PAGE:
Something tightened against my chest.
"Don't make me ask again, why are you here?" I could not find my voice before she continued, "We know you were looking for us; are you in league with the Madman? What is he planning?"
"I—"
"How close is he to finishing the Madness Ray? Where has he hidden it? Tell us now! He can't hide from us forever. We've protected the city so far! We know he claims to provide freedom from the need for superheroes, but the truth is that it will be a result of his controlling everyone's minds himself!"

"What is going on here?"

The voice that cut into hers was infinitely more powerful, echoing as if in a large room. A massive hand yanked the hood off my face. I squinted against the bright light.

Four people stood in front of me. Geronimo, the brawny, tall hero, wearing jeans and a dark tee shirt that showed off every inch of muscle. Beside him stood Stormgale, lithe, regal, and dangerous as a Russian prima ballerina. The other two—

I gasped at the young man standing next to Stormgale.
"You're the hobo who stole my purse!" I cried.
Marksman snorted, "Stole? You practically dropped it in my lap! I only pulled it off because obviously you wanted me to take it!"
I turned to the other guy, standing next to Geronimo. It was the same man who had returned the purse to me! Then who had been speaking to me just now?
I glanced at Stormgale, but she was glaring at the second young man.
"Shellie," she reprimanded him, "Whatever you're up to, stop it now!"
I blinked, and suddenly before me stood a young woman who looked almost exactly like the man who had been standing in her place. Almost—except for the fact that she was a girl.

Shellie's power was shape-shifting! So, not like Rogue, I thought, but more like Mystique.

Stormgale approached me and crossed her arms.
"Now, stranger," she said, "Tell us who you are."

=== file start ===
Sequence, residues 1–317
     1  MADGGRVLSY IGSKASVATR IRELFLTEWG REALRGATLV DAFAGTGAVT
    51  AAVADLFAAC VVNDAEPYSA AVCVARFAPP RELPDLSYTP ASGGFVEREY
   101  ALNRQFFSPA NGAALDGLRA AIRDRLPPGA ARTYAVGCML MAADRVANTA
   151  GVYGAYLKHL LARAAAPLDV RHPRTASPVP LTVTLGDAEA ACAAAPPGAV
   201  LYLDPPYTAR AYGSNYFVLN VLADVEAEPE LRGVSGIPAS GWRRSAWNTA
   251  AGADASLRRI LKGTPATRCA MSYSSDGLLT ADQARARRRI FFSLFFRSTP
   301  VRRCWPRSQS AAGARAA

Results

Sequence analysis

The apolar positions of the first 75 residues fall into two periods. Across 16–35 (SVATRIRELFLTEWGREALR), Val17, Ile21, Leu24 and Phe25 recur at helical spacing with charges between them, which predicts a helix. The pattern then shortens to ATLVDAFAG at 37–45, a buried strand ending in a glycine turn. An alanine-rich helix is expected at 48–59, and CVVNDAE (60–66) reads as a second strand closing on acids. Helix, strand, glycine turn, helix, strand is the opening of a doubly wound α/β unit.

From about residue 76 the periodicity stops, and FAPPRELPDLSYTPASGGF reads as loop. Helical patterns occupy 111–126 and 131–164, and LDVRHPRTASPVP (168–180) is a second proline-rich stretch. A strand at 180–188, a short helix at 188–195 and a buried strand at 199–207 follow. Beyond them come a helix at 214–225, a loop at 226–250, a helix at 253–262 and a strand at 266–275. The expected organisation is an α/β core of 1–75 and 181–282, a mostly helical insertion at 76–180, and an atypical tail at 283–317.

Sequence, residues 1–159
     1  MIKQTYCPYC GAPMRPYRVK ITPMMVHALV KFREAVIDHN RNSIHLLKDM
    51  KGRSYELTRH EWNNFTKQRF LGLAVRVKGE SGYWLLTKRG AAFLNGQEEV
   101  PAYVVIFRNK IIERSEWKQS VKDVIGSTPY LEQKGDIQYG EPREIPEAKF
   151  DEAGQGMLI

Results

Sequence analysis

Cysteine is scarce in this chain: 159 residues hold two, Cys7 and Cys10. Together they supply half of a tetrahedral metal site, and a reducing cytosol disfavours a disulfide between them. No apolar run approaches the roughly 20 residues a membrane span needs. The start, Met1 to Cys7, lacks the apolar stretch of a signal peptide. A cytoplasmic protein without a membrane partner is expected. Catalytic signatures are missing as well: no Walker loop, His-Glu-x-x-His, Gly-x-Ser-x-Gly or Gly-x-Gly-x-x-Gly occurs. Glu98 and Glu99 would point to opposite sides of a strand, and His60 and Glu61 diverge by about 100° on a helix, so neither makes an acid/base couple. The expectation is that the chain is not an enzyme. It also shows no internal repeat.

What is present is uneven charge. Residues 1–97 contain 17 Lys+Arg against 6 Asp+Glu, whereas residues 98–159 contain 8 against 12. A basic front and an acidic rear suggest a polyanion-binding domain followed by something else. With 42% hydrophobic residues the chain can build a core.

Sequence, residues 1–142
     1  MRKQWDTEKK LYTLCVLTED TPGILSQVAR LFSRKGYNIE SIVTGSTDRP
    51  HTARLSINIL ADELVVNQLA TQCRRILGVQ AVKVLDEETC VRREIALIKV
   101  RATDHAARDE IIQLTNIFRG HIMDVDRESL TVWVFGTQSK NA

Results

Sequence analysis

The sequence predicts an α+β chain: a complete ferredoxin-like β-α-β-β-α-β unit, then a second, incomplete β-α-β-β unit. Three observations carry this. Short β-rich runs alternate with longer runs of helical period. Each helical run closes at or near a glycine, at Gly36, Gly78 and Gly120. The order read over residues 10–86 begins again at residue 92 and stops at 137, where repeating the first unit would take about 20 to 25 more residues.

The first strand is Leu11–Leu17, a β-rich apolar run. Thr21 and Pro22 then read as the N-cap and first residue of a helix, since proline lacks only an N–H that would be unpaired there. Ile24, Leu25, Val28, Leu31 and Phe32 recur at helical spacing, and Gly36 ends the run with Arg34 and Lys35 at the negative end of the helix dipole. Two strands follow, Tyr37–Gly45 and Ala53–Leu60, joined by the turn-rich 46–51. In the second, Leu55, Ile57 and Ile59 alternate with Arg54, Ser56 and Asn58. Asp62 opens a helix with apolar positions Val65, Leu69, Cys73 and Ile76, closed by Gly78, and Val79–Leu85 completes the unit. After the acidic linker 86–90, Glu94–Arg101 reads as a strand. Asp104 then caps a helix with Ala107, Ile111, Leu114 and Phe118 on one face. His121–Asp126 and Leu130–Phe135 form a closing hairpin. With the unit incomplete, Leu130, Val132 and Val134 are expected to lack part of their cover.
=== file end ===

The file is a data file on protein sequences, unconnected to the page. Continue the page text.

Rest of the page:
"My name is Laura," I answered.
"Does the Madman know you're here?" Shellie's eyes gleamed as she pressed her own assumptions.
I shook my head, "You have nothing to fear from me. I don't know anything about the Madman. I only just arrived in the city."
Marksman tried to save face as the older pair glared with disapproval at the youngers. "Why were you looking for us, then? Why try to find us? And how did you know where to look?"
Geronimo walked around behind my chair and snapped my bonds at one pull. I massaged life back into my limbs to stall while I tried to formulate a reply. I mean, there was no way I was going to tell them I had nearly invented their hideout without their realizing it.
"I heard people talking about you," I explained, telling only the truth and as little as possible. "I wanted to meet you because I am here to help you."
"Help!" Geronimo boomed, laughing so loudly that his voice echoed around the vaulted ceilings. "We're superheroes! We don't need help!"
"Oh yes, you do," I countered, a little bolder now. "I know that your enemy, the Madman, has a plan, but you don't know where he is, who he has working for him, or when he plans to strike."
My words brought instant silence. All the heroes stood warily, watching to see if I would do something unexpected.
"How do you know all this?" Stormgale asked.
I nodded toward the stricken young girl at her side. "She said so, while I was tied up."
"Shellie," Geronimo growled sternly, glaring at the young woman.
Shellie looked from one to the other like a cornered mouse between two cats.
"It was Marks' idea!" she whimpered.
Stormgale whirled on Marksman. A tendril of ivy splayed from her hand and crept toward him.
"Watch it!" He batted the vine away, "I just thought she was being way too obvious, so I figured she must know something."
"Yeah," Geronimo snorted, "Especially after you bring her here to the Spire and tell her everything we know!"
Stormgale sighed, "All right, everybody huddle."
I watched the four heroes group together at the side of the room. I saw some soft-looking couches, but the minute I moved to go take a seat, a thin cord with weighted ends wrapped around my ankles. Another cord, longer and thicker, wrapped around my chest and pinned my arms.
"Stay there," Marksman ordered, looking none too happy about the current situation.

They spoke in low tones so I couldn't eavesdrop, nor could I move, wrapped in the cords as I was. I waited a long while. Finally, the four heroes surrounded me, Stormgale behind me, Geronimo in front of me, and Marksman and Sherrie on my right and left.
Geronimo nudged Shellie.
"Sorry for lying to you and kidnapping you," she muttered.
Stormgale punched Marksman in the shoulder; or rather, she went for it, but he saw the hit coming and dodged.
"Sorry for running you down with the car and tying you up."